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Synopsis

Where were you when America elected Barack Obama? Kate Jennings was in New York, eyes wide open, completing her take on an amazing time: "the run-up to the election ... a time when every day felt like a year and we became slightly crazed from worry but also mesmerised, unable to switch off the cable news stations, obsessively tracking the DOW, VIX, LIBOR spreads, polls in red states. So much at stake."

American Revolution is a dazzling and perceptive look at the United States between hope and despair: an election-year kaleidoscope. Jennings describes how and why the US economy fell off a cliff and how an apparently endless run of primaries and an increasingly rancorous campaign culminated in a world-changing victory. She surveys the characters - Obama, Palin, McCain and the Clintons - and conveys the concepts - derivatives, bailouts and moral hazard. This is an essay that shows America in fascinating flux: it is witty and poetic, acute and evocative.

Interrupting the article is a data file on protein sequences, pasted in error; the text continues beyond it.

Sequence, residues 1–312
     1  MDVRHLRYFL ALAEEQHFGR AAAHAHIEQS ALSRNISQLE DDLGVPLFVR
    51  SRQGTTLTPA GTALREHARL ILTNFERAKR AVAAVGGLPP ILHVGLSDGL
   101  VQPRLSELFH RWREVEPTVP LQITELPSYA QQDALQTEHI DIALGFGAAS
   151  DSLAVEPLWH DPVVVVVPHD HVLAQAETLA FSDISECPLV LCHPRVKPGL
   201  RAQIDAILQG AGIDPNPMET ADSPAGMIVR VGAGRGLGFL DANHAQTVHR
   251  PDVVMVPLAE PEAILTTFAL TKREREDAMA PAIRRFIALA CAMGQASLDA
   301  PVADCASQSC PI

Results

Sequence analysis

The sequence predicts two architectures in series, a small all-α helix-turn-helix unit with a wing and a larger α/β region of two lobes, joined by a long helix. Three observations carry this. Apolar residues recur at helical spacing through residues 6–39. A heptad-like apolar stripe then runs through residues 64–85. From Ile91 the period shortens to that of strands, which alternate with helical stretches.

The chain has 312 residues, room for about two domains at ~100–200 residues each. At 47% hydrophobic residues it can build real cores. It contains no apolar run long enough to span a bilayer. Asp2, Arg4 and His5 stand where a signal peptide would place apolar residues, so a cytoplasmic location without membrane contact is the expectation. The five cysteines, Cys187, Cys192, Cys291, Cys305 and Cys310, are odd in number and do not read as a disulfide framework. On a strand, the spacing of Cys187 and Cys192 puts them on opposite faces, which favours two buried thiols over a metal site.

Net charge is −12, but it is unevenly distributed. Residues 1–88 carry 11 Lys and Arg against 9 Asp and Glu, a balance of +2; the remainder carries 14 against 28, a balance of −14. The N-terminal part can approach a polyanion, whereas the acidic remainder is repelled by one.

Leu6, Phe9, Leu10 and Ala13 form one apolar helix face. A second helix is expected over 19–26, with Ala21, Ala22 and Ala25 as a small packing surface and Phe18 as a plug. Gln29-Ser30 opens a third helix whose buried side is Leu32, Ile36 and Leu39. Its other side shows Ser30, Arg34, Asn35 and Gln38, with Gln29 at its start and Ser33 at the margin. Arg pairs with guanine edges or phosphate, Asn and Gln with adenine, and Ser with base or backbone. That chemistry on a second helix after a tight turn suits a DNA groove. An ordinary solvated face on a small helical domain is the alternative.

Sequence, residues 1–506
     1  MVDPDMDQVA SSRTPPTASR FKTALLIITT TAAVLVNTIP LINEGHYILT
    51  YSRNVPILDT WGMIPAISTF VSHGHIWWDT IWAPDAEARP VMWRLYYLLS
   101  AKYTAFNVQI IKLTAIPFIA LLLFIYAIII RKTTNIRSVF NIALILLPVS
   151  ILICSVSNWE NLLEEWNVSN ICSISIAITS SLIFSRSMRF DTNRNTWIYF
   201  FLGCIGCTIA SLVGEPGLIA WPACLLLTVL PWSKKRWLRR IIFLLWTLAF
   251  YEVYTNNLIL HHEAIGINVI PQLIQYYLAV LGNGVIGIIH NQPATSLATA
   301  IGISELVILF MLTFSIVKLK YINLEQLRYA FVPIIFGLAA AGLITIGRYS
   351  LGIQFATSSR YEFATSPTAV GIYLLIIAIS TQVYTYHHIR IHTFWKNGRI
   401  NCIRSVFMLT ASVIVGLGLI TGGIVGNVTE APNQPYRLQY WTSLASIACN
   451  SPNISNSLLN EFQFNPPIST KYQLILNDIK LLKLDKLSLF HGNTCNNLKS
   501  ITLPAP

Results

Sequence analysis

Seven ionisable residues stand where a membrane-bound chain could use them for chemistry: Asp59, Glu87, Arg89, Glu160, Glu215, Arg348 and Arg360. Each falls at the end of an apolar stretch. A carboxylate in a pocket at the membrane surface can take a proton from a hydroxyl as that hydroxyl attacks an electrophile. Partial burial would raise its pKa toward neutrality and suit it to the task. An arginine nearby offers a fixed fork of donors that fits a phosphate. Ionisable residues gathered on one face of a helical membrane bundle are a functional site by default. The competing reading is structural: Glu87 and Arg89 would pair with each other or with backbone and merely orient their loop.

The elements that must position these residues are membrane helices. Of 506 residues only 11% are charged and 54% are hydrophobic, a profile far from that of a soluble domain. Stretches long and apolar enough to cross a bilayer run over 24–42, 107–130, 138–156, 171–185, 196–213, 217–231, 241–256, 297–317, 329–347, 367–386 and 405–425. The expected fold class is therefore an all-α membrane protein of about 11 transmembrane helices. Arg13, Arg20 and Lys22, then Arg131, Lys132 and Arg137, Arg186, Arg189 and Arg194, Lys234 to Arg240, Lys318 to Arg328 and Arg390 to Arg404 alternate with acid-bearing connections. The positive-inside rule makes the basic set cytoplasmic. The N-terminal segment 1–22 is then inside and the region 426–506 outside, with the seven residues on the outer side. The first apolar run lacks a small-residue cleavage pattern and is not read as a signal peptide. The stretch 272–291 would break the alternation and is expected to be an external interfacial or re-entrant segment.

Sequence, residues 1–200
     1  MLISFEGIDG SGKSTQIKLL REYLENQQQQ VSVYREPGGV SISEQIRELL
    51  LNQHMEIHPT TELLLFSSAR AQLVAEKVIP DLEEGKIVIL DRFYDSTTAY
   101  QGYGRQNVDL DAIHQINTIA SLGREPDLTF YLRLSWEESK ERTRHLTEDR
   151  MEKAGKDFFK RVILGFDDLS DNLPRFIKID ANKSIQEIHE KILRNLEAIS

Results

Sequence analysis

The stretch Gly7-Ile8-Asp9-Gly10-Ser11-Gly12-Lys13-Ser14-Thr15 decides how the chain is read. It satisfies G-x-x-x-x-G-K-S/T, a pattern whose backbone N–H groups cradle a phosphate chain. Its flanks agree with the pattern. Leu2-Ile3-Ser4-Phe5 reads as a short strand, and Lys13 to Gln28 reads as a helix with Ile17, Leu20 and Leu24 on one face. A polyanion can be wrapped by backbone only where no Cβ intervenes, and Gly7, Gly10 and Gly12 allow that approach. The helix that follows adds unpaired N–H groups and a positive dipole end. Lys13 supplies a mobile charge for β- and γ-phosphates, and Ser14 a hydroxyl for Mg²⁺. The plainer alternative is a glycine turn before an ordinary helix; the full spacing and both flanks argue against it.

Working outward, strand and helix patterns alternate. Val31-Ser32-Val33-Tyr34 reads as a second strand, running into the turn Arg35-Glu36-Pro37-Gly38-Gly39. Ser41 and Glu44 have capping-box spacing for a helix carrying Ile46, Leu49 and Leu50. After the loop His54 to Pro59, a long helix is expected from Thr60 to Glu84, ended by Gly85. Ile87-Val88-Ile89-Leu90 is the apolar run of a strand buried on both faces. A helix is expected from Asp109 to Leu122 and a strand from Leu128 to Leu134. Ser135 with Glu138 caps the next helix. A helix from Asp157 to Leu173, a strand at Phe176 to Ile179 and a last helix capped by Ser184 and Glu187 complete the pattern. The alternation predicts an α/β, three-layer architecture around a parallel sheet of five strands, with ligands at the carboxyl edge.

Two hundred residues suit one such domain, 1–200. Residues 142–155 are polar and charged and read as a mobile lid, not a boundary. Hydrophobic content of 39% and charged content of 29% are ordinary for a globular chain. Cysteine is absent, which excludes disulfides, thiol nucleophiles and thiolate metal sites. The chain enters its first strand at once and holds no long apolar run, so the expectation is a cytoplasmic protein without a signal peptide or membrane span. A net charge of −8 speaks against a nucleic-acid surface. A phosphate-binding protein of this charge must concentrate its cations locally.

"The television networks are justifiably in raptures about the historic election of an African-American as the president. All the same ... to reduce Obama to a label, to 'African-American,' does him - and us - a disservice. He wasn't elected for the colour of his skin; he was elected because he offered the hope of a wise, steady and healing leadership to a country bullied and battered in the name of patriotism, plundered and pillaged in the name of free markets, neglected and abandoned in the name of small government." —Kate Jennings, American Revolution

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